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The skinny on NC and Trump's request for election data

04 July 2017

MI will provide publicly available voter data to President Donald Trump's Commission on Election Integrity but will "certainly not go beyond what is legally required" by providing any protected personal information, according to Secretary of State Ruth Johnson's office. Overseas or military voters can also request a ballot be sent out of state ahead of an election, but that also wouldn't be noted on their registration information.

While the data request resonates with long-held Republican claims about illegal voting, the panel - and by extension, the White House - suddenly finds itself on what usually sympathetic state officials say is the wrong side of the issue of states' rights.

In a statement, Frosh rightly points out that Donald Trump created the so-called Election Integrity Commission, led by Mike Pence, to "indulge" his fantasy that he actually won the popular vote - which he most assuredly did not.

Commission members may want to discuss and vote on the request, as some of the requested information is not part of South Carolina's normal voter roll.

Maryland waited until Monday to announce that the state would join the growing ranks of states that are rejecting the request.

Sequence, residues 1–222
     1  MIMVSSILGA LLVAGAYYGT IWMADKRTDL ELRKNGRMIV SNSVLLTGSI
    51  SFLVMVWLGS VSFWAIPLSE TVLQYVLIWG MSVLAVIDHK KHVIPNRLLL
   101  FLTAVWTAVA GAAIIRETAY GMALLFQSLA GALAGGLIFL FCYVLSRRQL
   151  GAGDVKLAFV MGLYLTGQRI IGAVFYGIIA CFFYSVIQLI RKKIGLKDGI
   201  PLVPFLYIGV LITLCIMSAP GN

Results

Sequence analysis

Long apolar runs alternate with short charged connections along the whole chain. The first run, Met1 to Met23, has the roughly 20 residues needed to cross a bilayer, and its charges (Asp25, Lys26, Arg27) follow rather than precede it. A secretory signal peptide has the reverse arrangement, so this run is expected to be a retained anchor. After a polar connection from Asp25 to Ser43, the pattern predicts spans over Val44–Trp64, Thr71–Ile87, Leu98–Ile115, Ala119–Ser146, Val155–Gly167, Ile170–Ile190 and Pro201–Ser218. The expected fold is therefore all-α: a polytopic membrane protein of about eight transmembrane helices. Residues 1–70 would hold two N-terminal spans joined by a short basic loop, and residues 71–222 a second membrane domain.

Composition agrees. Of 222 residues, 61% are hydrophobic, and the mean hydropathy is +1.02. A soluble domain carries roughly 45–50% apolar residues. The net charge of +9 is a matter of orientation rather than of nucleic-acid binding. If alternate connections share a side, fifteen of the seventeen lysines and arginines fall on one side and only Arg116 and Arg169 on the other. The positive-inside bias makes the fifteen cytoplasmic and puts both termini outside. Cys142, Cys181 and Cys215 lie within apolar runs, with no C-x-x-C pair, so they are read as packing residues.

The Presidential Advisory Commission on Election Integrity asked for voter data including names, addresses, party affiliation, voting history and partial social security numbers. "This lack of openness is all the more concerning, considering that the Vice Chair of the Commission, Kris Kobach, has a lengthy record of illegally disenfranchising eligible voters in Kansas".

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Calling the request "politically motivated", Louisiana Secretary of State Tom Schedler said he will protect voters' information from the Trump administration just as he did earlier from the Obama administration. In addition to the voter information, the letter asks state officials for suggestions on improving election integrity and to share any evidence of fraud and election-related crimes in their states.

Trump launched the commission in May via an executive order.

"They can go jump in the Gulf of Mexico, and Mississippi is a great state to launch from", Mississippi Secretary of State Delbert Hosemann, a Republican, said in a statement released Friday.

Officials in 10 states and the District of Columbia said they would not comply at all with the request.

"To date, there are no cases in which it has been determined that an individual who cast a vote in the federal elections held in November 2016 was legally prohibited from doing so.", Frosh wrote.

The skinny on NC and Trump's request for election data